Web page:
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Judge abolishes Trump-era restrictions on visas for skilled foreign workers

Rules restricting H-1B visas were found invalid because they were issued under a Department of Homeland Security acting secretary who was unlawfully appointed to the role.

OAKLAND, Calif. (CN) — A federal judge on Wednesday permanently abolished Trump-era changes to H-1B visa rules that businesses and universities complained would make it harder to hire and recruit highly skilled foreign workers and students.

The Department of Homeland Security and Department of Labor issued rules in October 2020 that revamped the H-1B visa program. The rules applied to tech industry workers as well as doctors, accountants, professors, scientists and architects.

The Trump administration switched the H-1B visa system from a lottery that selects applicants at random to one that prioritizes higher-wage jobs — ostensibly to deter U.S. companies from replacing American workers with cheaper foreign labor.

Senior U.S. District Judge Jeffery White, a George W. Bush appointee, temporarily blocked the rules in December last year after a coalition of business groups and academic institutions led by the U.S. Chamber of Commerce sued to stop them.

Judge White also last year halted a separate attempt by former President Donald Trump to suspend certain types of non-immigration work visas, finding he lacked authority to make those sweeping changes in a presidential proclamation.

The Chamber of Commerce and its co-plaintiffs argued the rules violated the Immigration and Nationality Act, which states that noncitizens should be issued H-1B visas “in the order in which petitions are filed for such visas.”

A system that ranks and selects visa petitions based on wage levels conflicts with the text of that statute, the plaintiffs contended.

The Chamber also said the rules were arbitrary and capricious because DHS did not adequately respond to its concerns that a wage-based ranking system would force employers to hire late-career, higher-paid foreign workers over highly valued, early-career professionals.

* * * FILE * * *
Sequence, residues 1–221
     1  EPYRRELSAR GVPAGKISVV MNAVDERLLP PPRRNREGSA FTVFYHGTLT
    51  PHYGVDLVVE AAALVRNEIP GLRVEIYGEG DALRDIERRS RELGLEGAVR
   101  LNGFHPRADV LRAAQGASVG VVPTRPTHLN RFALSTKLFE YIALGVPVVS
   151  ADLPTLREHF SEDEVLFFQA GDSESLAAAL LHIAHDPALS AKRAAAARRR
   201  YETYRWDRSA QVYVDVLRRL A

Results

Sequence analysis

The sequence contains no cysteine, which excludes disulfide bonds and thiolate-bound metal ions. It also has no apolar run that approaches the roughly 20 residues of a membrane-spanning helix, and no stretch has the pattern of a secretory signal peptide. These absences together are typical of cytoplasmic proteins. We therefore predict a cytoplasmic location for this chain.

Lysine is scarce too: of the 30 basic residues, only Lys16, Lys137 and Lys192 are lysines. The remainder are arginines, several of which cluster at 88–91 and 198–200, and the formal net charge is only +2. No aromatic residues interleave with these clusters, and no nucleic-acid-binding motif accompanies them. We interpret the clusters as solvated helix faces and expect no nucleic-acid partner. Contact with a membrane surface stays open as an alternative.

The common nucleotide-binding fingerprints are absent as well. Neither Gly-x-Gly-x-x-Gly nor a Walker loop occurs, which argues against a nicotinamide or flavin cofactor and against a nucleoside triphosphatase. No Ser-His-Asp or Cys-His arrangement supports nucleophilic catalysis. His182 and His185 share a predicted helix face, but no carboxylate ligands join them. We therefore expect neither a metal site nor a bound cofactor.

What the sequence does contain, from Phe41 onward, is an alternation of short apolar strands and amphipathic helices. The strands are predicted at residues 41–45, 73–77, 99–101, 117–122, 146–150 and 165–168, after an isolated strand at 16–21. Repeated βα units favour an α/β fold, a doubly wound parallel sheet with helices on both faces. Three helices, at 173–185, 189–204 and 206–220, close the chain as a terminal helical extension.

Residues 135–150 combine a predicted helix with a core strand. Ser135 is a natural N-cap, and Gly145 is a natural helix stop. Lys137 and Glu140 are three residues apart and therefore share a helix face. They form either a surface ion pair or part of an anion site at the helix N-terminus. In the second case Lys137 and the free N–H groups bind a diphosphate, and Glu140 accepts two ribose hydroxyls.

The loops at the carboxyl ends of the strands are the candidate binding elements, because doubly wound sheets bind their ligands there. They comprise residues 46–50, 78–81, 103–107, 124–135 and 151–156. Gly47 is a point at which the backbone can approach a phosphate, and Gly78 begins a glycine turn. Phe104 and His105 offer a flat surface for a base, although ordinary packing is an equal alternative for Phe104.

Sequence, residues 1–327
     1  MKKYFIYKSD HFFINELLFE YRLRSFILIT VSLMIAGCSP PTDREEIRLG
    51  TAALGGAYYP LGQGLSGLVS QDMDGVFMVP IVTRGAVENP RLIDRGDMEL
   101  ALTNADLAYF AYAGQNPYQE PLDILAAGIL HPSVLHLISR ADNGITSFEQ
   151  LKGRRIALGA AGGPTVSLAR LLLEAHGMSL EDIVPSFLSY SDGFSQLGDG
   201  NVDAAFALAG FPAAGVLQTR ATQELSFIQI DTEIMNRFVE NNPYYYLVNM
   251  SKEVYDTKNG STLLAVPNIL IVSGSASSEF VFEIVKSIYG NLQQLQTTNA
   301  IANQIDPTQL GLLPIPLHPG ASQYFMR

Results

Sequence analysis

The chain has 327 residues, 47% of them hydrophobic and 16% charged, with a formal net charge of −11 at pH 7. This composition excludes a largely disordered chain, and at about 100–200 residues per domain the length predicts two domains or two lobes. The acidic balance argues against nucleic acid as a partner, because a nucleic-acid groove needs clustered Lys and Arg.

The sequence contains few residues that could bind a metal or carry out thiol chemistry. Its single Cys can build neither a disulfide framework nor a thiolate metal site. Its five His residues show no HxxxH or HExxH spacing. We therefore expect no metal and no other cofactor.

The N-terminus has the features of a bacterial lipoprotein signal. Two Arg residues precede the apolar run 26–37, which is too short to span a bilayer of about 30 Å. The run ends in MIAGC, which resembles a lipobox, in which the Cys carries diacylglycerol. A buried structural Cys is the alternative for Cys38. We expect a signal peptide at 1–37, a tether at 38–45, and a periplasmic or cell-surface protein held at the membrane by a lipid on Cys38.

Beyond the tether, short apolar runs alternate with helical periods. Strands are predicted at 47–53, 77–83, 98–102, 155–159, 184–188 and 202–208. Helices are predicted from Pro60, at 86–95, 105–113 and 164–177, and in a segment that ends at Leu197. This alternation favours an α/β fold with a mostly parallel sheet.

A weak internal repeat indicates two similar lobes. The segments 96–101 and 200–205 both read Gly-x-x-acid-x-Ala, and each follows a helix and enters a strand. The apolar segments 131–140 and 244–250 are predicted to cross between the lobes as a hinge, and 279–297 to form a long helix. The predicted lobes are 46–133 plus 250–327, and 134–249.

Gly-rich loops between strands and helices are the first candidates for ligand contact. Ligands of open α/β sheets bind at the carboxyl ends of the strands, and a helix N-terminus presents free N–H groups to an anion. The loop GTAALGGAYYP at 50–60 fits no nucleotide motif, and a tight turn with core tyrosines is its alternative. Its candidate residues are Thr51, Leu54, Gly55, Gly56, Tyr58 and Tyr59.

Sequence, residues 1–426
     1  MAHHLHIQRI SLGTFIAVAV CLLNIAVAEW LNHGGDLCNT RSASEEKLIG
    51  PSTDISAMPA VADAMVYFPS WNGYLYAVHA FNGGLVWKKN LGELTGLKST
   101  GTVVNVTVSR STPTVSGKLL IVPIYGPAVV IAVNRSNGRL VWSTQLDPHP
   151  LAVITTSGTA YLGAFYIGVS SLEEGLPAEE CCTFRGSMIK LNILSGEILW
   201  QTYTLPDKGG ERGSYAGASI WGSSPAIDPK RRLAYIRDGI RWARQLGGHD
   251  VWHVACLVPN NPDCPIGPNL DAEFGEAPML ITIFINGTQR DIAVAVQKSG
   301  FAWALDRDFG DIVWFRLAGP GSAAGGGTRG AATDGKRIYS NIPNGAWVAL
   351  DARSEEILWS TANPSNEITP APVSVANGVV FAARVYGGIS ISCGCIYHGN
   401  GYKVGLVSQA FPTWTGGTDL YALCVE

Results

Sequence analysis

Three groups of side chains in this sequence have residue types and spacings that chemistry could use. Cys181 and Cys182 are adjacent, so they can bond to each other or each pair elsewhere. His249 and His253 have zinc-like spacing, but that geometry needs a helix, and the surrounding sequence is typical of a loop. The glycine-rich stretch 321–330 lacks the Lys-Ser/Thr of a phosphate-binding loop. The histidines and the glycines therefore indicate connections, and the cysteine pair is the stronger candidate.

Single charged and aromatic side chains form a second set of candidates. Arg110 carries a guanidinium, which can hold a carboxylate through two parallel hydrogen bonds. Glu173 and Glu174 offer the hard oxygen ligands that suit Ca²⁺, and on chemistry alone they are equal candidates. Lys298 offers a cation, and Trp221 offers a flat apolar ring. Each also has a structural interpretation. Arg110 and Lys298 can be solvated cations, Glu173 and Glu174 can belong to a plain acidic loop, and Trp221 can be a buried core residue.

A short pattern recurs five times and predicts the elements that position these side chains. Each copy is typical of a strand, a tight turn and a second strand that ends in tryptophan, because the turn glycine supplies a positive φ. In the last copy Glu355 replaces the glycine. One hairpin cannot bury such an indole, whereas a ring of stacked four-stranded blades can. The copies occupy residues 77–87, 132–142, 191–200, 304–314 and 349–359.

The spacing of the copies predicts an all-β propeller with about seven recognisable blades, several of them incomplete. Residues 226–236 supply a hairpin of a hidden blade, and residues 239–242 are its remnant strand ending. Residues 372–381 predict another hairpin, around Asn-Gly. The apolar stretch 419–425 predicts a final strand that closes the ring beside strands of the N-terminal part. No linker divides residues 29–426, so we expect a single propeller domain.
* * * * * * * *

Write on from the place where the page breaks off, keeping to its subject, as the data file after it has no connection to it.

The plaintiffs said the rules would also make it harder for U.S. universities to attract foreign students if those students are no longer able to get good-paying jobs in the U.S. through the H-1B visa program.

Judge White did not address those claims because he found the rule was invalid for a different reason — because Chad Wolf, acting DHS secretary at the time the rules were issued, had been illegally appointed to the position.

Multiple courts and a congressional watchdog found that Wolf and his predecessor Kevin McAleenan were unlawfully elevated to the positions of acting secretary after former Secretary Kirstjen Nielsen stepped down from her post in April 2019.

Justice Department lawyers defending the H-1B visa rules acknowledged in their cross motion for summary judgment that every district court that evaluated the issue “rejected the government’s position” that McAleenan and Wolf's appointments were valid.

Because the government presented no new facts or legal arguments on that issue, Judge White reached the same conclusion as his U.S. district judge colleagues.

“Because Mr. Wolf was not lawfully appointed as Acting Secretary at the time the Final Rule was approved, the Court concludes the rule must be set aside,” Judge White wrote in an 8-page ruling.

During a hearing last week, plaintiffs’ attorney Paul Hughes III of McDermott Will and Emery urged the judge to also issue findings on the plaintiffs' other claims that the rules were arbitrary and capricious and inconsistent with the Immigration and Nationality Act. Hughes insisted those issues would “bring certainty to this area of how tens of thousands of visas are issued each year.” Without that certainty, the government could try to take similarly "illegal" steps in the future, he said.

“DHS has thrown considerable uncertainty into the metes and bounds of the H-1B program,” he said.

Justice Department lawyer Alexandra Rachel Saslaw said the court should not waste its time addressing those claims because any potential future rule by the agency would almost certainly be different from the ones issued by the Trump administration last year.

“It’s not clear that a ruling by this court would provide any certainty unless the government does exactly the same thing,” Saslaw said.

Judge White seemingly accepted the government’s position on that issue and declined to address the plaintiffs' other claims against DHS.

The judge granted the plaintiffs’ motion for summary judgment, denied the government’s cross motion for summary judgment and vacated the Trump-era changes to the H-1B visa program.

The U.S. Chamber of Commerce and Department of Homeland Security did not immediately return emails requesting comment Wednesday.

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